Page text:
WAR – Evan Davis, Mali and the cock up theory

Article by Matt Evans at Matt Carr’s Infernal Machine

maliThe mainstream British media tends to view foreign policy through a very narrow lens at the best of times,  and the BBC’s worldview tends to be more circumscribed than most.   On Monday Evan Davis interviewed William Hague on the Today programme about Britain’s role in Mali.   During his gentle interrogation of the Foreign Secretary, Davis used a number of concepts that have become part of the political vocabulary of Western foreign policy in recent decades.

Thus he declared that ‘the French were trying to prevent the spread of non-government’ in Mali and asked Hague to summarize his strategy for dealing with ‘these ungoverned spaces where extremists roam’.   He then described Mali as the latest addition to the world’s ‘non-governed rogue states.’

But it also belonged to a category of ‘non-governed rogue non-states’.   This transformation was relatively recent, Davis insisted, since eighteen months ago Mali had been a ‘ fragile state, but it was a state.’  Now, this former ‘secure poor state’ had become ‘a mess.’

How had Mali gone from being fragile, poor but secure,  a non-governed non-state that was also rogue?   Was it, Davis politely suggested, something of a ‘cock up’, given the British role in the overthrow of Gaddafi and the subsequent outflow of weapons to Tuareg rebels in northern Mali?

Naturally Hague denied this, and insisted that British involvement in Libya had ‘saved lives’ in Libya itself.   In addition it had ‘mitigated’ the situation in Mali and prevented its collapse from getting worse.

Davis’ suggestion that the transformation of Mali into a ‘mess’ and a ‘global threat’ might have been  a ‘cock up’,  constitutes the outer limits of acceptable criticism for the BBC.    I have lost count of the times in which seemingly combative interviews by BBC journalists with government ministers in fact accept without question the essential view of foreign policy propagated by the government itself; namely,  that the policies of Britain and its allies are essentially dictated by moral and humanitarian considerations and a common concern for international law and global security and a desire to eliminate ‘terrorism’ or ‘al Qaeda.’

According to this narrative, such imperatives oblige the West to deploy military force in the world’s ‘ungovernable spaces’ in order to restore order, good government and security for the good of the countries concerned, and the world as a whole. This is why Britain and its allies support ‘regime change’ in Iraq and Syria, why sanctions are being imposed on Iran, why France is now in Mali.

Unfortunately,  from time to time, these well-meaning efforts produce the occasional ‘cock up’ like Iraq, or the spillover of the Afghan war into Pakistan,  and now Mali.   Absent from this ‘cock up’ discourse is any attempt to analyse the strategic,  economic or the broader geopolitical considerations that have shaped the various interventions of the last decade or so, or the general policy of militarization that has underpinned them, or any attempt to understand the history or the internal dynamics of the societies where these interventions take place.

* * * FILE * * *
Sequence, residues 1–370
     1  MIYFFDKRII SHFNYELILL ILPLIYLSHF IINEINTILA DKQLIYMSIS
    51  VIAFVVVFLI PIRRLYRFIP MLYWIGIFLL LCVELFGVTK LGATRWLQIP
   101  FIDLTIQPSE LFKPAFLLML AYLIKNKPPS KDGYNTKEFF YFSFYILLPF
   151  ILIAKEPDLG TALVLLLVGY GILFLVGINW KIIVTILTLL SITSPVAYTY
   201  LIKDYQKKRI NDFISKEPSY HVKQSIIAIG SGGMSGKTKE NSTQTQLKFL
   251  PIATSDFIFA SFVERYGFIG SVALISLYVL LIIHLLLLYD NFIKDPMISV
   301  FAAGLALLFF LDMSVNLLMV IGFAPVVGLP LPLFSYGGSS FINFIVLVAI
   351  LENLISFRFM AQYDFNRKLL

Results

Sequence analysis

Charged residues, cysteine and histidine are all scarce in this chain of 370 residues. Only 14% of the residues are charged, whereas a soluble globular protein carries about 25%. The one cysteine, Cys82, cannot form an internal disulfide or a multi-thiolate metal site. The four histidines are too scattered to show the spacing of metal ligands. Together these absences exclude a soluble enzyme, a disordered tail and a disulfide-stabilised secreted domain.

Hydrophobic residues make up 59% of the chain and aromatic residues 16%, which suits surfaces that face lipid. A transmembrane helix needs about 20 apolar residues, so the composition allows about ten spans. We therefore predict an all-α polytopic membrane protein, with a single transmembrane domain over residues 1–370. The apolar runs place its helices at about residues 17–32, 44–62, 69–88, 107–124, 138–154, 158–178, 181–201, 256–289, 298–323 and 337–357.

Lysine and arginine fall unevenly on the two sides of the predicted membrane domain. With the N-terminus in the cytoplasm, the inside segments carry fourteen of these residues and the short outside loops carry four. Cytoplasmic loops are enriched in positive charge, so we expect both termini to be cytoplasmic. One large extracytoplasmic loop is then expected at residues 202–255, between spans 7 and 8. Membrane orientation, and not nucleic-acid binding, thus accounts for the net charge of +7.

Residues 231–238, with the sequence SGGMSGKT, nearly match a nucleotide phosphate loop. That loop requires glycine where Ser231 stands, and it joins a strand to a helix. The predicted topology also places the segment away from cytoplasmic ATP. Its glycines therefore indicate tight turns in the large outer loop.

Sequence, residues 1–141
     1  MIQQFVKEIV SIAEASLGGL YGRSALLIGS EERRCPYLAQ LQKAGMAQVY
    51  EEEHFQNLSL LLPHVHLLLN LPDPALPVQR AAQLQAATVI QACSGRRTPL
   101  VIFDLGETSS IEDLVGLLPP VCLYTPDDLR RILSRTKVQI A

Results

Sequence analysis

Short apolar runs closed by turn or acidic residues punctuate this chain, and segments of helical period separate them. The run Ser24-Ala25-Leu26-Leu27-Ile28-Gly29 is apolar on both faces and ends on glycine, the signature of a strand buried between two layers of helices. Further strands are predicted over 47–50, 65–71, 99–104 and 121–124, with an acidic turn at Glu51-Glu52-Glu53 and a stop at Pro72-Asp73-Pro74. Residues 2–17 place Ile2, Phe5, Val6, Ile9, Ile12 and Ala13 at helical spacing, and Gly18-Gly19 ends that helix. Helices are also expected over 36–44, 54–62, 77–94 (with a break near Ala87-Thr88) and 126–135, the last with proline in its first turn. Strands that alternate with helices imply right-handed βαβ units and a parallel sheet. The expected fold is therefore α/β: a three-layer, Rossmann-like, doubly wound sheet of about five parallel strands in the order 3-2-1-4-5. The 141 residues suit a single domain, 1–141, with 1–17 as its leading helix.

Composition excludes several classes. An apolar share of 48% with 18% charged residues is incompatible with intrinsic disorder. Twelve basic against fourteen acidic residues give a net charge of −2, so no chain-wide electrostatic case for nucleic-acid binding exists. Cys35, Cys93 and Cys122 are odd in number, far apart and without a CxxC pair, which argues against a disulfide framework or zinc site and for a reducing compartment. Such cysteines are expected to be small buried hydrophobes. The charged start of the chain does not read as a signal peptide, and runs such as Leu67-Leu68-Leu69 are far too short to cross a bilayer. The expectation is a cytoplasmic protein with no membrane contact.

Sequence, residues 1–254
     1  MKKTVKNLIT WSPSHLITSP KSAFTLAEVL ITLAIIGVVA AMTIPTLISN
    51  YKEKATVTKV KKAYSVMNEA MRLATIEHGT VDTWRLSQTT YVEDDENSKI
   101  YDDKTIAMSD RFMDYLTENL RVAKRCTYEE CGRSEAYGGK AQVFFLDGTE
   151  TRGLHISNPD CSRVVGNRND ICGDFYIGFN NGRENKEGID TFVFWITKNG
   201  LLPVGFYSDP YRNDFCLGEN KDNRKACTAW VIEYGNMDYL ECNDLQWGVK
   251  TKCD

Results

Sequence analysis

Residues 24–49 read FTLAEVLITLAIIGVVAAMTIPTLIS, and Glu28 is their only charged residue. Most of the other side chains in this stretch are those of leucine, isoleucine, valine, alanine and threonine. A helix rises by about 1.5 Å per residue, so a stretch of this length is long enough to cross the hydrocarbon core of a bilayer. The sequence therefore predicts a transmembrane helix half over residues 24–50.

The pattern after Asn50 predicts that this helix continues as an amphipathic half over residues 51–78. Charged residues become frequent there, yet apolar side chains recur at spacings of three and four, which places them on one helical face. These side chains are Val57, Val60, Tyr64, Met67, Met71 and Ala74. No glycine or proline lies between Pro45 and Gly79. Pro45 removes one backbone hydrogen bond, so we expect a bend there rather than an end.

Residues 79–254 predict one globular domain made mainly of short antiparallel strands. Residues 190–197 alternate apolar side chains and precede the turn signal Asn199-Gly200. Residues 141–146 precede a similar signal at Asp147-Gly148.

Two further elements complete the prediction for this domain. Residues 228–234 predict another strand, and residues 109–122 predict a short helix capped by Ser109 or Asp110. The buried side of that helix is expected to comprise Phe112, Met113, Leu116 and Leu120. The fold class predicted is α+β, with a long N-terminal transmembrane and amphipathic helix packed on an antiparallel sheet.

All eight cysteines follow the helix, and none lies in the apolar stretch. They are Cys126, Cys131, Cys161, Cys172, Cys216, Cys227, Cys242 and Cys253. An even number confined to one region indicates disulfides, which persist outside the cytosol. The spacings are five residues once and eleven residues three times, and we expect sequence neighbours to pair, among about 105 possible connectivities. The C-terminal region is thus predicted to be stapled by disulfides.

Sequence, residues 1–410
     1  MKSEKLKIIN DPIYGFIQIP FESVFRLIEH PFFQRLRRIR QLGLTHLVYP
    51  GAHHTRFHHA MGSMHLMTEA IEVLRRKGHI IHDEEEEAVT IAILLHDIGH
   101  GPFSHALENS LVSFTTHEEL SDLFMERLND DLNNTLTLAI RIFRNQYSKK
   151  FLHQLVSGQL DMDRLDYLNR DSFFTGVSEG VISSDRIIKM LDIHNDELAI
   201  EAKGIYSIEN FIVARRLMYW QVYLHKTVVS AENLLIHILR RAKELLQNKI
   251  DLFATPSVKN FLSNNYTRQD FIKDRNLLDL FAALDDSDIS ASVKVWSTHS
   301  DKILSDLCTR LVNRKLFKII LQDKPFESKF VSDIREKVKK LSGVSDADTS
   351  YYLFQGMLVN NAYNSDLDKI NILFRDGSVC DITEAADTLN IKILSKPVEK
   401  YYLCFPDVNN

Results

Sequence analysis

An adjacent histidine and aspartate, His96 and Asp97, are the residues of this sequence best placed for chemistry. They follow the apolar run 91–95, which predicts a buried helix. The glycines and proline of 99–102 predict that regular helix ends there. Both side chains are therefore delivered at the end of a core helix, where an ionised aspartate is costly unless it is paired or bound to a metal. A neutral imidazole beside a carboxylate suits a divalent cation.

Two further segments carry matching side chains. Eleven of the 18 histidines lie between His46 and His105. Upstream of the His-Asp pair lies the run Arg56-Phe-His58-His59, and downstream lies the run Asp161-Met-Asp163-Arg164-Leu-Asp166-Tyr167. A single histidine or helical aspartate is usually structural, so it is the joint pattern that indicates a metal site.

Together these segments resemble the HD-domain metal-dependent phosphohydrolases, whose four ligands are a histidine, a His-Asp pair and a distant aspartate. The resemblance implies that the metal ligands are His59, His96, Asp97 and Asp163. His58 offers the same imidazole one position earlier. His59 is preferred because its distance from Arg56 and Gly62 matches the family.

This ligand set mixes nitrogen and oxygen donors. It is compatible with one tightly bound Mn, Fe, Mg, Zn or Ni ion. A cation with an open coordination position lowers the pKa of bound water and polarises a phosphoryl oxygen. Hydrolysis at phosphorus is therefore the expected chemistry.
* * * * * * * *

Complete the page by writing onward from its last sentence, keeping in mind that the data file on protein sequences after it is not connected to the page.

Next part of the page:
Why was Africom created and why has the Pentagon become so concerned with Africa?   How is that ‘al Qaeda’ is able to reproduce itself so easily in these ‘ungoverned spaces’?   Is ‘al Qaeda in the Maghreb’ really a creation of the Algerian secret services, as some analysts have suggested?  If so, then how is it that Algeria is considered an ally in the global ‘fight against terrorism’?

Are the ‘threats’ depicted by Western governments really as serious as these governments say they are?   Is military intervention the only ‘solution’ to reactionary Islamist formations of the al Qaeda type?  Or do such interventions actually provide such organizations with a raison d’etre?

Is it true, as an interesting article in Ceasefire Magazine suggests, that French intervention in Mali might be driven by a desire to ensure access to uranium for its huge nuclear industry?   Could it be that these governments also find chaotic and fragmented states politically useful and convenient?

Are these ‘rogue’ and ‘failed’ states really a threat to ‘our way of life’, as so many of our leaders insist, or do they provide a pretext for permanent militarization and neo-colonial interventions?   How is it that the same governments that declare ‘terrorists’  and ‘jihadists’ to be their enemies will also work with them on occasion?

Such questions are rarely answered or even asked in the mainstream media.    And the result is that the public could be forgiven for believing that foreign policy is conducted by a well-meaning gaggle of jolly good chaps, fighting the forces of darkness in the world’s peripheral places, prone only to the folly of good intentions and the occasional cock-up

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